“Black Widow” neutron star ate its companion and was found to be the heaviest ever

A rotating neutron star periodically rotates its radio (green) and gamma-ray (magenta) beams near Arart.  A black widow pulsar heats the front side of its stellar companion to a temperature twice that of the Sun's surface and slowly evaporates it.
in great shape , A rotating neutron star periodically rotates its radio (green) and gamma-ray (magenta) beams near Arart. A black widow pulsar heats the front side of its stellar companion to a temperature twice that of the Sun’s surface and slowly evaporates it.

NASA’s Goddard Space Flight Center

Astronomers have determined the heaviest neutron star ever known, weighing 2.35 solar masses. recent paper Published in the Astrophysical Journal Letters. How did it get so big? Most likely to devour a companion star – the celestial equivalent of a black widow spider that devours its partner. This work helps establish an upper limit to how large neutron stars can form, with implications for our understanding of the quantum state of matter at their core.

Neutron stars are the remnants of supernovae. Ars as Science Editor John Timmer wrote last month,

The matter that makes up a neutron star begins as ionized atoms near the core of a massive star. Once the star’s fusion reactions stop producing enough energy to counteract the gravitational attraction, this matter contracts, experiencing greater pressure. The crushing force is enough to obliterate the boundaries between atomic nuclei, creating a giant soup of protons and neutrons. Eventually, the electrons in this region are also forced into many protons, converting them into neutrons.

This ultimately provides a force to push back against the crushing force of gravity. Quantum mechanics prevents neutrons from being captured too closely to the same energy state, and it prevents neutrons from getting any closer and therefore collapses into a black hole. But it is possible that there is an intermediate state between a blob of neutrons and a black hole, where the boundaries between the neutrons begin to break down, resulting in odd combinations of their constituent quarks.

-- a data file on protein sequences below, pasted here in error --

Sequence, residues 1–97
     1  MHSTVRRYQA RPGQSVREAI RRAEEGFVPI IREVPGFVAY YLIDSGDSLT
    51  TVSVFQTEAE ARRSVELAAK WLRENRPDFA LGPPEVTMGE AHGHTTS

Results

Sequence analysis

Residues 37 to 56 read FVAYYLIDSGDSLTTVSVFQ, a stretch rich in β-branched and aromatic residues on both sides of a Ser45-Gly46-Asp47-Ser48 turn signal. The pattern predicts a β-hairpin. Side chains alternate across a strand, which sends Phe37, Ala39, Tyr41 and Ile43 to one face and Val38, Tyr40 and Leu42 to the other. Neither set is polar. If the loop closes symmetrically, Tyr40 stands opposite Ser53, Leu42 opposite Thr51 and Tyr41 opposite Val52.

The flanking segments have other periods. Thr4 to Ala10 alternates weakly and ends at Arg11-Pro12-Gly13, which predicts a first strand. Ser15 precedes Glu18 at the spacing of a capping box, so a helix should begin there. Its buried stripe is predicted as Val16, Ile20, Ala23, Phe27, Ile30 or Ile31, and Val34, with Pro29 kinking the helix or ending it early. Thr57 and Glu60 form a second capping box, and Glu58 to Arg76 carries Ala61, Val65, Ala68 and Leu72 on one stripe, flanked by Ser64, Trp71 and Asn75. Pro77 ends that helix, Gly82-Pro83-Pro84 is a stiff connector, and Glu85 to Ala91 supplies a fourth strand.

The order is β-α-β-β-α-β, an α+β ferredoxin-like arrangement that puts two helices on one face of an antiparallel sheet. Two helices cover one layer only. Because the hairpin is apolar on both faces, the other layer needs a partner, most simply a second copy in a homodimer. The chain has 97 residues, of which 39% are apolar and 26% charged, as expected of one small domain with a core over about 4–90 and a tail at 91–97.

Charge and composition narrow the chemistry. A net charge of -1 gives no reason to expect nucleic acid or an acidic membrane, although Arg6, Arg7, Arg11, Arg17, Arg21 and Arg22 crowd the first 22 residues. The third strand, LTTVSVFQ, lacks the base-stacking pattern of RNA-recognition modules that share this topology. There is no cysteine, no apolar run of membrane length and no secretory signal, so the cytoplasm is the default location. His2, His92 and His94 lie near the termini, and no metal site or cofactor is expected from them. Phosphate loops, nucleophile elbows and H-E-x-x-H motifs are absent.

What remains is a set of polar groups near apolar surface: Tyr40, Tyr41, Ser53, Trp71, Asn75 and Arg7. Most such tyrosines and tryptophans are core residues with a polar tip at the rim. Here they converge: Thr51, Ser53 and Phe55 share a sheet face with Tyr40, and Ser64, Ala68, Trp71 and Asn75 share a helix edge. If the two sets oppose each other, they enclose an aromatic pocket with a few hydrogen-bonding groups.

Short of black holes, the cores of neutron stars are the densest known objects in the universe, and because they are hidden behind an event horizon, they are difficult to study. “We know roughly how matter behaves at atomic density, such as in the nucleus of a uranium atom,” Alex Filipenko said, an astronomer at the University of California, Berkeley and a co-author of the new paper. “A neutron star is like a giant nucleus, but when you have 1.5 solar masses of this stuff, which is about 500,000 Earth masses of nuclei, it’s not quite clear how they’ll behave.”

This animation shows a Black Widow pulsar with its smaller stellar companion. Powerful radiation and the pulsar’s “wind” – the outflow of high-energy particles – strongly heats the front side of the companion, evaporating it over time.

The neutron star shown in this latest paper is a pulsar, PSR J0952-0607—or J0952 for short—located between 3,200 and 5,700 light-years away from Earth in the constellation Sexton. Neutron stars are born rotating, and the rotating magnetic field emits rays of light in the form of radio waves, X-rays or gamma rays. Astronomers can see pulsars when their rays are transmitted to Earth. was J0952 Discovered in 2017 Following up on data on mysterious gamma ray sources collected by NASA’s Fermi Gamma-ray Space Telescope, thanks to the Low-Frequency Array (LOFAR) radio telescope.